'No avoiding truth,' convert finds after hearing lessons

Dan Beaver understands adversity and he understands computers, and he may have mastered both. He is blind and works for IBM as a computer programmer.

In his work, he is involved with a group that develops software that supports his company's marketing efforts."I do most of my work by memory," he explained. "I also have a screen reader software system that verbalizes the computer's response on the screen. A mechanical voice talks to me."

He started losing his sight when he was about 8 years old from a genetic disease.

"Blindness came slowly," he said. "I adjusted to the situation, but I could not keep pace at school. I had to go back and redo some early grades and compensate for a lot of things. I was 20 years old when I graduated from high school."

He graduated from Unitah High in Vernal, Utah. During his high school years, he met the young woman who would become his wife, Doreen. She introduced him to the Church.

"I had heard students talk about MIA and other activities," he said. "But at the time I was convinced that there was no God. It was Doreen who invited me to talk with the missionaries, and she took me to meetings.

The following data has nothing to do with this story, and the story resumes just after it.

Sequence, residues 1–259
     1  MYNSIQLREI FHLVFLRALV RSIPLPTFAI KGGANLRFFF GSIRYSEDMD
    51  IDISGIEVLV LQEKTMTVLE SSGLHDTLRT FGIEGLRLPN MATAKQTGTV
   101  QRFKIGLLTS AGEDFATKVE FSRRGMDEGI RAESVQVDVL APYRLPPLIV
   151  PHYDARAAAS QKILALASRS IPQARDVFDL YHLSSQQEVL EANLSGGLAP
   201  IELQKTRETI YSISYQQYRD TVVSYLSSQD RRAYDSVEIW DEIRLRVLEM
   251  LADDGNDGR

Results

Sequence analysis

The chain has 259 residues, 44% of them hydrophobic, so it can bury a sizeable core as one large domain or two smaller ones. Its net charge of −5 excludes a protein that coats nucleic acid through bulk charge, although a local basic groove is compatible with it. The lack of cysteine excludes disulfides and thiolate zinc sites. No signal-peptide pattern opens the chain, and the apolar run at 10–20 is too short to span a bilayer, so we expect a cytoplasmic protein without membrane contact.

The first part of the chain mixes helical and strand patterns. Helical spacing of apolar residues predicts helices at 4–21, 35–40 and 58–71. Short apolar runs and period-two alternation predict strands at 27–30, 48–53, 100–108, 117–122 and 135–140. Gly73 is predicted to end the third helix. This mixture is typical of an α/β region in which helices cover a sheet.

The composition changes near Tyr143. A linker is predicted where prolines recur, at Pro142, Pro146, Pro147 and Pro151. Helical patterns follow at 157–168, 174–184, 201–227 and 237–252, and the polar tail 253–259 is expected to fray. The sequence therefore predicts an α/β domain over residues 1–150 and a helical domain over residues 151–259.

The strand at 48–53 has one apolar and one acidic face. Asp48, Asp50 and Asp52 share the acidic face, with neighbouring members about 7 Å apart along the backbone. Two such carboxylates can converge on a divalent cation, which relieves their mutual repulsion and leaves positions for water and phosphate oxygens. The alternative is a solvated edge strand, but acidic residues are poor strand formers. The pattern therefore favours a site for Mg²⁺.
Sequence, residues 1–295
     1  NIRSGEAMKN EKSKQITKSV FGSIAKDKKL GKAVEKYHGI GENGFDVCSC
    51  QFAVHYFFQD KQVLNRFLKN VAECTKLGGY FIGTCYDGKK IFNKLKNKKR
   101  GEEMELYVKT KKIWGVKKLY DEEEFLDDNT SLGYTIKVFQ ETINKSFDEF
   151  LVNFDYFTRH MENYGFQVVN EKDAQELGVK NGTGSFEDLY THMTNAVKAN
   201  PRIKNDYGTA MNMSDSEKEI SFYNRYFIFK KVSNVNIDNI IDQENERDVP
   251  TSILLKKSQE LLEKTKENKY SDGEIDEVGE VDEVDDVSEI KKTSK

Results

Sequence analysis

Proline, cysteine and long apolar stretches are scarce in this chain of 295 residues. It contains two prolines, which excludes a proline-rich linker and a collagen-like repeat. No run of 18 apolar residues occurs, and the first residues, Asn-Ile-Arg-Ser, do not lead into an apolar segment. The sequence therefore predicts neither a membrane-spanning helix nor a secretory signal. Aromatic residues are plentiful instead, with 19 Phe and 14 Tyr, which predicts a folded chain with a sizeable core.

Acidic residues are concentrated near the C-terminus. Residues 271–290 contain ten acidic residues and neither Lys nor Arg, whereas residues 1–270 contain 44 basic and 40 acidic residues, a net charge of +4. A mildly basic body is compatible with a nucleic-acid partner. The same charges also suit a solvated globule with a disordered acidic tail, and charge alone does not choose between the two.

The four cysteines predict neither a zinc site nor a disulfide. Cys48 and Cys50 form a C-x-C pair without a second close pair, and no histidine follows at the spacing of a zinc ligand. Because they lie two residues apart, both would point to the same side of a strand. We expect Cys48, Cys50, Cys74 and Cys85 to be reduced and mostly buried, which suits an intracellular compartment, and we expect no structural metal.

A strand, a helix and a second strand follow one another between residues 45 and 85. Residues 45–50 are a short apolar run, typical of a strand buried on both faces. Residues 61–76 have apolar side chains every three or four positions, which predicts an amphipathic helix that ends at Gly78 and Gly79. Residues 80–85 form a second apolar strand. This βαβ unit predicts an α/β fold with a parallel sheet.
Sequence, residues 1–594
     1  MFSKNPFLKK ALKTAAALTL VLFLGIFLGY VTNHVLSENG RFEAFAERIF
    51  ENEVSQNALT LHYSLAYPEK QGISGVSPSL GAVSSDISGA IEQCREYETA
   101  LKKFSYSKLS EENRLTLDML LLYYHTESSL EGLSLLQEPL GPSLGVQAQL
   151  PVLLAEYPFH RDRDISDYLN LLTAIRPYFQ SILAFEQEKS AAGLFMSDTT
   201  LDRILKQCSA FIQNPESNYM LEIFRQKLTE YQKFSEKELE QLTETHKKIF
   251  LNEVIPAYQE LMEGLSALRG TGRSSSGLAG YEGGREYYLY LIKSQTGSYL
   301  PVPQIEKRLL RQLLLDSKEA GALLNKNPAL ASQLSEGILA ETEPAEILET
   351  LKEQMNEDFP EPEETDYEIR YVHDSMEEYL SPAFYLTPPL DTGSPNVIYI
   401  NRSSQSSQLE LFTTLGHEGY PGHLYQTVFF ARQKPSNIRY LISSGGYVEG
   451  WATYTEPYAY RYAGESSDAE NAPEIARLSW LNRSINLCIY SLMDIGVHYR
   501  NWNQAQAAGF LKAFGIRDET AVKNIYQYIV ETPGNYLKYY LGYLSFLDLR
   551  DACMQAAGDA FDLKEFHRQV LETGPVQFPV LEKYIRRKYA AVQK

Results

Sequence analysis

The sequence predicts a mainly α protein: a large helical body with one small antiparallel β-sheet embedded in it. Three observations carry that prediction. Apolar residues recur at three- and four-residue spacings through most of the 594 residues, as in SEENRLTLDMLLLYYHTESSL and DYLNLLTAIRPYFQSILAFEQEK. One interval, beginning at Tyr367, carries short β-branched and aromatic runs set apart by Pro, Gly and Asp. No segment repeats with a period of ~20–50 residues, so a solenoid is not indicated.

"There was no avoiding the truth," he said. "I could recognize it as I was taught. I knew the Church was true. Before long I was baptized. My family did not approve, but they had taught me to make my own decisions and they couldn't change that. They now recognize the blessings we enjoy."

After high school, Dan and his girlfriend were married. He studied computer science at Utah State University in Logan.

Brother and Sister Beaver now have five children.

In the Church, he enjoys taking part in Scouting. For a time he served as assistant Scoutmaster in the Frankfort Ward, Lexington Kentucky Stake. He has received his Woodbadge training and enjoys outings with his sons, who are working toward their Eagle rank. He later served as ward Young Men president and is presently serving as ward mission leader, a calling he finds consuming and fulfulling.

"We've had converts come in, and we've had some good experiences," he said.

Brother Beaver also enjoys working on cars.

"My wife does all the driving, of course," he said. "She does many things that I can't do for my family. Doreen gives me a lot of encouragement and so much help. We have had 17 years of wonderful marriage. She is so cheerful and so fun."

He said that he does have some regrets. "I do most of the things I need to, but not being able to see my wife and children is disappointing. We know adversities come into our lives along with the blessings from Heavenly Father. The more dependent we become, and the closer we get to the Lord, the more He will give us. He gives us a great deal."

Brother Beaver has a personal philosophy that people with disabilities may not get everything they want, but they should have an opportunity to try for the things they want.

"A person who goes out and tries can do a lot," he said.

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